Becca Triplett


Temporary unconsciousness caused by a blow to the head or temporary incapacity
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  • headache
  • confusion
  • lack of coordination
  • memory loss
  • nausea
  • vomiting
  • dizziness
  • ringing in the ears
  • sleepiness&excessive fatigue


Field Treatment

  • Take athlete out of play


Wearing protective gear during sports and other recreational activities

Buckling your seat belt

Making your home safe.

Exercising regularly

Hospital treatment

  • apply a cold compress to the injury to reduce swelling – a bag of frozen vegetables wrapped in a towel could be used, but never place ice directly on the skin as it's too cold; apply the compress every two to four hours and leave it in place for 20 to 30 minutes
  • take paracetamol to control pain – do not use non-steroidal anti-inflammatory drug (NSAID) painkillers such as ibuprofen or aspirin as these can sometimes cause bleeding at the site of the injury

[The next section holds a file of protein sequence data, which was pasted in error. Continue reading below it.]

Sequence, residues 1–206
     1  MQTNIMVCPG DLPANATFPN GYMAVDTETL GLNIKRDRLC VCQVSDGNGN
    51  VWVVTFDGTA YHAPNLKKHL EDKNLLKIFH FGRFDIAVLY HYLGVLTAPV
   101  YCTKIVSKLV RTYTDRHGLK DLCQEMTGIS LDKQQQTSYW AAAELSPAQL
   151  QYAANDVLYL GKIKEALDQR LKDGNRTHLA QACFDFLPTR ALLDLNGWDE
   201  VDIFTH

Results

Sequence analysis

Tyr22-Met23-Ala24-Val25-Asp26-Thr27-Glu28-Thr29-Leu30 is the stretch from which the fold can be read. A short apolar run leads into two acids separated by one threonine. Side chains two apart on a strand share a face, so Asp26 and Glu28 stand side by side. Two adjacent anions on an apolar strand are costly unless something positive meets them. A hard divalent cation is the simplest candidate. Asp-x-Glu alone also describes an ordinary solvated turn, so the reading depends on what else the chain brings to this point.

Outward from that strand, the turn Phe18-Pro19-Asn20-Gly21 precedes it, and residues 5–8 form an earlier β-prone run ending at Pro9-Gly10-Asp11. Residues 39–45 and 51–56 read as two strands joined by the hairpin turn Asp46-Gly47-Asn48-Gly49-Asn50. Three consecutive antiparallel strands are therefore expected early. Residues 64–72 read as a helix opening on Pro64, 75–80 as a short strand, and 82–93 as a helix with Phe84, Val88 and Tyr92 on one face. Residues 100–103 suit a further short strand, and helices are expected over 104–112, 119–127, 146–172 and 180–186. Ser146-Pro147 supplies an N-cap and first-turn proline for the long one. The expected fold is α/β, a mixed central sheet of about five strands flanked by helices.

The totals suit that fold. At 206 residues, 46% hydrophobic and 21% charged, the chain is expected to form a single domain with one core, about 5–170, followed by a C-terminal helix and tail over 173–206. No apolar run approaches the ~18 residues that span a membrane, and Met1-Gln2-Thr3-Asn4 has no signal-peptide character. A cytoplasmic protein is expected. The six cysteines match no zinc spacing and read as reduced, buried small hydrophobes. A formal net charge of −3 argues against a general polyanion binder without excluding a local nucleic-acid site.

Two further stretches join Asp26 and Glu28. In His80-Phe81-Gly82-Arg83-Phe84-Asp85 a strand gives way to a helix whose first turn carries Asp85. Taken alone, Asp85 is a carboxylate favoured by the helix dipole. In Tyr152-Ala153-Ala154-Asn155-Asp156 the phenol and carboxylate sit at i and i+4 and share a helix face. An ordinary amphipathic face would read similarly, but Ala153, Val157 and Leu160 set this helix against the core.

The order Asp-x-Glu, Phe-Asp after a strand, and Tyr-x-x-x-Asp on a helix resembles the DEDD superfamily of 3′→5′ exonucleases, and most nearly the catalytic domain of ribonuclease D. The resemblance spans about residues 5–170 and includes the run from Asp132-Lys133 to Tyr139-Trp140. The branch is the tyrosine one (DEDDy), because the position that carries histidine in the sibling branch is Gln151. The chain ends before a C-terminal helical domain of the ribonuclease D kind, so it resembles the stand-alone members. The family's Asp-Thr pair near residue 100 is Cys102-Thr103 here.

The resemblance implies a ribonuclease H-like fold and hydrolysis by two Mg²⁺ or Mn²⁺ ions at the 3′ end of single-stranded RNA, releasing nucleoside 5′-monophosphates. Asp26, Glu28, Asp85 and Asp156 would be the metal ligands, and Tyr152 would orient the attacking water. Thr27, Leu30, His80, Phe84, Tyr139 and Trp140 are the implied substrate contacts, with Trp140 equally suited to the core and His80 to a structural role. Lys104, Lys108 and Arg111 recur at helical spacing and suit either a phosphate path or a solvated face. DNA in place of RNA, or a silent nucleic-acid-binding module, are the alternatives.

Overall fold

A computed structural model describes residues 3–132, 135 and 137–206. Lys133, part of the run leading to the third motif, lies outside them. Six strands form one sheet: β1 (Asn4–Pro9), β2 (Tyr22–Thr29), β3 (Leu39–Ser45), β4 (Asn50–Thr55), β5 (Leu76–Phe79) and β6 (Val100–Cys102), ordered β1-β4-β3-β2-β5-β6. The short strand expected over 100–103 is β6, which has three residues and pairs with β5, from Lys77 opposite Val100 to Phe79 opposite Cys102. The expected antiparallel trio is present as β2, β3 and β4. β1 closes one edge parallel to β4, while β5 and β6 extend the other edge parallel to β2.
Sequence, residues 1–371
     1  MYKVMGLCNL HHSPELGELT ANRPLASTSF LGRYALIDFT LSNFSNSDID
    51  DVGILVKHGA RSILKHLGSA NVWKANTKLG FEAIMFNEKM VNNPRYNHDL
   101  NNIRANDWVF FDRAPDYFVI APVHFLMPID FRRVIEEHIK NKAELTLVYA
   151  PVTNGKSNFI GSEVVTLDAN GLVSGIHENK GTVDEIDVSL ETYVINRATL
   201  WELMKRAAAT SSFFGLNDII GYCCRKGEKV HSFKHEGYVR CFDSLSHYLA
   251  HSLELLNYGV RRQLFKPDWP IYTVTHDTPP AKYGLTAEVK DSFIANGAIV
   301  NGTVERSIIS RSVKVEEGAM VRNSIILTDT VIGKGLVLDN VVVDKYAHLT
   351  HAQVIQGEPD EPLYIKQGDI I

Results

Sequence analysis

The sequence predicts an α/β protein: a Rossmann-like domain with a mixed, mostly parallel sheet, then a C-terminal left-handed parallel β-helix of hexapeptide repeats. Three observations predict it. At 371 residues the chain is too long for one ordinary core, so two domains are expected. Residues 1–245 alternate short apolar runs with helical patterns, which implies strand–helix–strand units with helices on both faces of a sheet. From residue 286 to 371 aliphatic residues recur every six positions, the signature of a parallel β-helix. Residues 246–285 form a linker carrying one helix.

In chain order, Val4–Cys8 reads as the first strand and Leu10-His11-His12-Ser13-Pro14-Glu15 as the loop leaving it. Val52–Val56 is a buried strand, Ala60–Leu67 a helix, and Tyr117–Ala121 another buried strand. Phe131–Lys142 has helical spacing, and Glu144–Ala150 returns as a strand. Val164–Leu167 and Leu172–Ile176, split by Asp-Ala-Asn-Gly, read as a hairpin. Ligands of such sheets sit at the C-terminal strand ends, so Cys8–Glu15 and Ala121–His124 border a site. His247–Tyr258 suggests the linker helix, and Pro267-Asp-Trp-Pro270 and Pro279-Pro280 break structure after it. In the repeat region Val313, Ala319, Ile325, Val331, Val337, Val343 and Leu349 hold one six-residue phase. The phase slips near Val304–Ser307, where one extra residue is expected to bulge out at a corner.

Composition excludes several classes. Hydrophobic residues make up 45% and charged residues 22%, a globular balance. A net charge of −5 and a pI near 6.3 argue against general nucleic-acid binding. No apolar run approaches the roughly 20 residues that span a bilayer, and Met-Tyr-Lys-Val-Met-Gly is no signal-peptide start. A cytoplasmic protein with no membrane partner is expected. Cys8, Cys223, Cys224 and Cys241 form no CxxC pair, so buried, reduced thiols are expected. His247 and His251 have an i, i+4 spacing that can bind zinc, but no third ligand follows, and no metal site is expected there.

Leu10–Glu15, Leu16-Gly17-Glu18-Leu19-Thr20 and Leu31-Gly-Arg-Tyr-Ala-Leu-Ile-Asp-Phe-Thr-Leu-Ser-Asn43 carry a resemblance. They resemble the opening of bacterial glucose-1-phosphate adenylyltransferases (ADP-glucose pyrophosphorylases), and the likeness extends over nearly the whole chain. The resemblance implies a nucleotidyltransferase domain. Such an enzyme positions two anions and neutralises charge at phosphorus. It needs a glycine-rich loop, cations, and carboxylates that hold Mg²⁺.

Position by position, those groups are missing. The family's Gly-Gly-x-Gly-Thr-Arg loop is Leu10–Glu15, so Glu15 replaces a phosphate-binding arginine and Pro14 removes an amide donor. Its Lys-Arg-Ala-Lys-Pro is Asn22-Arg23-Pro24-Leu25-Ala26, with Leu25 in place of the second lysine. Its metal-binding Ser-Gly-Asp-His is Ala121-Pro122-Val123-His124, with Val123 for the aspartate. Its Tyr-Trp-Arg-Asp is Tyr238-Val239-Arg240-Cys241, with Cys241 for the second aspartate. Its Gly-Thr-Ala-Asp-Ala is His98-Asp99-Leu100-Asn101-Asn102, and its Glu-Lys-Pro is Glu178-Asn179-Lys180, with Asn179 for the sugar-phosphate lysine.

• get plenty of rest and avoid stressful situations where possible
  • avoid drinking any alcohol or taking recreational drugs
  • only return to work, college or school when you feel you have completely recovered
  • only drive a car or ride a bike when you feel you have completely recovered
  • do not play any contact sports for at least three weeks without seeing your GP first – this includes sports such as football and rugby
  • make sure you have someone to stay with you for the first 48 hours after the injury


Caused by a blow to the head